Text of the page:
When expecting a baby most parents expect to care full time for their child when they’re young. To help them become independent and support them through difficult teenage years before they go out into the big wide world and begin their lives as independent young adults. 18 years of care then like baby birds it’s time for them to stretch their wings and fly the nest.
I doubt my parents thought any different. I grew and developed normally I went from crawling, to walking, to running (admittedly not very often,) and then back to crawling? Figuratively and often literally I am unable to stand on my own two feet. I have regressed back to that baby bird, safely guarded from harm. Even on good days I have to crawl on all fours to tackle the stairs. On bad days, I can’t move, my mum has to help me dress, she prepares my food and supports me when my legs fail. She washes my hair, fetches and carries things when I can’t walk to get them. She holds my hand when I’m scared and wraps her arms around me and clutches me tightly when I’m sad. Even though I’m now taller and bigger than my mum I will always feel small in her arms.
At nearly 21 I should only be living at home part time and then living away at university , or I should cook and clean and work. Instead I lie on the sofa and wait for someone to come home. This is not what my parents had planned for me and more importantly for themselves.
I feel indebted to them, but then most people feel this way about their parents. But my mum and dad have had to do so much more than was ever expected of them, and the most astonishing thing of all, they don’t mind. I know my parents would rather they didn’t have to support me in this way, and I wish they didn’t have to either. But when I tell my mum she is a carer she says ‘I’m your mum, it’s my job.’ It was her job when I was young, now she is going above and beyond when was expected of her.
I am incredibly blessed to have such wonderful parents. My mother is my best friend, I love nothing more than sitting together in a café, hands wrapped around a mug of hot chocolate as we gossip and people watch out of the window. We always have a slice of cake each which we split so we can try both types. I am so happy we have the relationship that we do. As children get older they can lose a closeness with their parents. In our case, as I’ve grown up we’ve become closer.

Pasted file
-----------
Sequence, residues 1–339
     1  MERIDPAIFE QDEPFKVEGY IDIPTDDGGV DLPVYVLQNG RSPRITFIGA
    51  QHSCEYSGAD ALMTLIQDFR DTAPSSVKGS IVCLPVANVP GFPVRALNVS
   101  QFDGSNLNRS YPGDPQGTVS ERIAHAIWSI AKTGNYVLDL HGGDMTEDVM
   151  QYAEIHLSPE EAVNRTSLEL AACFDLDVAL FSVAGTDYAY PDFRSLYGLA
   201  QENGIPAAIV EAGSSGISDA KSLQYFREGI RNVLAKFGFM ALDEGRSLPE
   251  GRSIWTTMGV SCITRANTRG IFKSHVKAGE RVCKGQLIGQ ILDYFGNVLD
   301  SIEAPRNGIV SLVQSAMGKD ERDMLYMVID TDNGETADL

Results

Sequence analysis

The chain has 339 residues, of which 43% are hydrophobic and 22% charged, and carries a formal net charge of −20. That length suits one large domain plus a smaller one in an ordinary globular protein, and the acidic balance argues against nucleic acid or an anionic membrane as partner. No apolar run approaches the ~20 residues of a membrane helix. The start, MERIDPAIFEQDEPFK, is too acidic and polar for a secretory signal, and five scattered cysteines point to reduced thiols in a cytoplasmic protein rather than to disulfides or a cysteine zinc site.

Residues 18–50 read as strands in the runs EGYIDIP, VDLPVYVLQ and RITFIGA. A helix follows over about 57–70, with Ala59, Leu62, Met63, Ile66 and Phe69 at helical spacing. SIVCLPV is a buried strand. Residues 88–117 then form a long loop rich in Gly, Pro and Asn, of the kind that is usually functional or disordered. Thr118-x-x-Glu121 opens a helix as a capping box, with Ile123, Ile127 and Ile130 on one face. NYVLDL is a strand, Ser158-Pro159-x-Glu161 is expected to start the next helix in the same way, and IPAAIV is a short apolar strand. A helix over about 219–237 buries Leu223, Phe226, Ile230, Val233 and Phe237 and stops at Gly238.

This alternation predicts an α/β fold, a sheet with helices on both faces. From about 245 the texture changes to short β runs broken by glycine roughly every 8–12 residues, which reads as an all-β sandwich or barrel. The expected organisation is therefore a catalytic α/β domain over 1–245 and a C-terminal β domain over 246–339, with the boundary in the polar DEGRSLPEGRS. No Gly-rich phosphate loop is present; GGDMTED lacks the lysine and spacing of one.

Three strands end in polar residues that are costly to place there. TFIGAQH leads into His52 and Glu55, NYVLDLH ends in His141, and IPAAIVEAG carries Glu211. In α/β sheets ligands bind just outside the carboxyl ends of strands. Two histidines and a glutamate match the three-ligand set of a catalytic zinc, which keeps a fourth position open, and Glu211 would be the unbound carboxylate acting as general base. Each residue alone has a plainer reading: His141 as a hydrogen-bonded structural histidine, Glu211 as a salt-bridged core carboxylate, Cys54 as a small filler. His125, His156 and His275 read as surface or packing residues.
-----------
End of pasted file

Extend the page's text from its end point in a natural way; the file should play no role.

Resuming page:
I know my father struggles with my pain more than most. I can see the sadness and concern in his eyes when I’m in pain. He’s always been fairly physically fit, he loves to walk. I could never understand the appeal of ‘going for a walk’ but for my dad, there is little better. For someone who will walk everywhere given the choice it has been hard for him to adapt to my limited mobility. Despite his love of walking he does his best to avoid it when he is with me. For a while he couldn’t get the balance right. Even now he still struggles a little but he is trying. He’s a very quick walker, even at the peak of my physical ability his stride was more like a light jog to me. For a while he would set off at his normal speed and I would hobble behind with my walking stick, breathless and sweaty. But now he has learnt more about my abilities, he can fairly accurately anticipate what I will be able to do and what is too much.
My dad is the worrier, he is constantly making sure I’m okay. When my mum wants to go out somewhere, my dad will agonise over leaving me alone all day. He will worry if I’m alright, whether I’m too lonely, whether I’m sad. Most of the time he will encourage me to go with them, partly to get out of the house and partly to keep and eye on me and my wellbeing.
I often feel incredibly guilty that I have to rely on my parents in this way. I have to keep reminding myself that being ill isn’t my fault and there’s nothing I can do about it. Even so, I wish I could take care of myself, even for a few days to give my parents a break. I know it gets to them sometimes. Particularly my mum. I rely on her the most. She is the one that has to help me take basic care of myself. I know how annoying it must be having to go up and down the stairs like a yo-yo getting things for me. I feel terrible asking but the stairs crease me and I know I will struggle. My mum knows this too which is why she does it. She knows it’s not laziness, but even so it’s tiring and irritating but she does it without complaint.
I love the saying ‘to get the rainbow, you have to have the rain,’ and we’ve had more rain than most (not just because we live in Wales.) Despite the figurative downpour that is my life, my mum and dad are always there. I am truly blessed to have two parents that love me unconditionally, that hold me close during the bad times, soothe me when I’m in pain and are there to celebrate with me during happy times. Sadly according to many fibro forums, a lot of families are unsupportive.
It seems it is a rarity to have such an amazing support network. It just makes me realise how lucky I am.
Mammy and daddy, I love you to the moon and stars and back. To the Andromeda galaxy and beyond. Thank you for being amazing, you are my heros. 💕